Wage gaps between women and men are beginning to narrow, as are differences in the number of hours they work, according to a new study by Ben-Gurion University.
The study compared income distribution among women to income distribution among men and investigated the changes that occurred during the 1990s and the early years of this century. It found that in the 1980s, the gender wage gap stood at 45 percent, but in 1997, it was 42 percent, and in 2005, it narrowed to 38 percent.
The study also revealed that when measured on an hourly basis, the wage gap is narrower than generally believed. On a monthly basis, women earn 38 percent less than men. Measured on an hourly basis, however, the difference is only 15 percent.
When it comes to the number of hours worked, however, the gender gap is still relatively large: Women work fewer hours on average, apparently because responsibility for managing the home and caring for children falls mainly on their shoulders.
The study found that in fields dominated by women, such as certain government offices, wages are generally higher than the average wage, but substantially lower than those of men in the same profession. In addition, it found that the level of education does not reduce wage inequality between the genders.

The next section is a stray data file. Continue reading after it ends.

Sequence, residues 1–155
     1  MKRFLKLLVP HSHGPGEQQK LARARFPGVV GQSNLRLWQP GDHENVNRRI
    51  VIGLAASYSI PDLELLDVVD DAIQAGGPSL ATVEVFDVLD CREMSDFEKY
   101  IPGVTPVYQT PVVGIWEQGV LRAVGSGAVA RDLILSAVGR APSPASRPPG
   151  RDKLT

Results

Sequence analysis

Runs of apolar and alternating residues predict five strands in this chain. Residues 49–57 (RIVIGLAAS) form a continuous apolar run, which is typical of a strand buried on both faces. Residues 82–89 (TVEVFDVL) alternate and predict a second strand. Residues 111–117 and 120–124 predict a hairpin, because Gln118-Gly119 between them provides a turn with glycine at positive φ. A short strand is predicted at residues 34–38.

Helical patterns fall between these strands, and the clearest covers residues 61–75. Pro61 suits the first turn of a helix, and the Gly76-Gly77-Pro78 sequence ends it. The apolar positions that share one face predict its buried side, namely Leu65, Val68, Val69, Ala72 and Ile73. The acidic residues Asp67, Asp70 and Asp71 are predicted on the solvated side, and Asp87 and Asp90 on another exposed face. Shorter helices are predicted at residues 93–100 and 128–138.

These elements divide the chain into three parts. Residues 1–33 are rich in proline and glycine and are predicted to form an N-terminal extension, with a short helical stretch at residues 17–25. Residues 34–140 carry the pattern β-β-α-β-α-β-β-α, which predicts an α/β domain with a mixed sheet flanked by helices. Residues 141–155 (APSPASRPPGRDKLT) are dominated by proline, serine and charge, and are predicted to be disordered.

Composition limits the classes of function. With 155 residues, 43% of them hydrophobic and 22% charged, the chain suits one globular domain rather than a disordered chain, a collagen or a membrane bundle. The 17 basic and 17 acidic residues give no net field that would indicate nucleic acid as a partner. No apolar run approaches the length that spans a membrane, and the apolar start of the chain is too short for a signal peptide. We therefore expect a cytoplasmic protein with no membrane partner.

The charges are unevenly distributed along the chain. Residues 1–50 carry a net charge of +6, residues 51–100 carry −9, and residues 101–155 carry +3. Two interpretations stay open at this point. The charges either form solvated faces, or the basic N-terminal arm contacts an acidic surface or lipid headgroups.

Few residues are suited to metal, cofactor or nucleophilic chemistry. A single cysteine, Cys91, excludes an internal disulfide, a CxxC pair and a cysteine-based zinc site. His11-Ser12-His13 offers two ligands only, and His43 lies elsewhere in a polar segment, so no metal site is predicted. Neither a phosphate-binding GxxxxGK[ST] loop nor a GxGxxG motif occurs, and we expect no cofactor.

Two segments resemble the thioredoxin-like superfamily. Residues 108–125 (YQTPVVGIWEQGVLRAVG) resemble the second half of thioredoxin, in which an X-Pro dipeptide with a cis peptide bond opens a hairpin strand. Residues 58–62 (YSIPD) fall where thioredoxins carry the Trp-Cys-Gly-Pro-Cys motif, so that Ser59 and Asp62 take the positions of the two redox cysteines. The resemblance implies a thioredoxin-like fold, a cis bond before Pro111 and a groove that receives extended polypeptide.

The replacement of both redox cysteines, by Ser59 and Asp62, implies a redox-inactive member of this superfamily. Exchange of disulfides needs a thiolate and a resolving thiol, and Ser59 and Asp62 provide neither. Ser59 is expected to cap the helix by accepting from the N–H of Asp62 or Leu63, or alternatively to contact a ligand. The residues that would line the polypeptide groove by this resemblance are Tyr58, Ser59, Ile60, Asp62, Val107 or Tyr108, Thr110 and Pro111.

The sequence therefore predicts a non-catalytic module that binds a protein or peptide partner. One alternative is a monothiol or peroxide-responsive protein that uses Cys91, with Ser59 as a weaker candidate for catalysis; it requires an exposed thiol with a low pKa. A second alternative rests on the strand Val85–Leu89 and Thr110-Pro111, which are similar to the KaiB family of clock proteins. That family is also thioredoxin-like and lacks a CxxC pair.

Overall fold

The study was conducted by Tamar Rotem, a student of industrial engineering and management, under the supervision of Professors Edna Schechtman and Shlomo Yitzhaki. It will be presented tomorrow at a conference of the university's Faculty of Engineering Sciences, which will be attended by research and development personnel from some of the country's largest companies, managers of venture capital firms and entrepreneurs.
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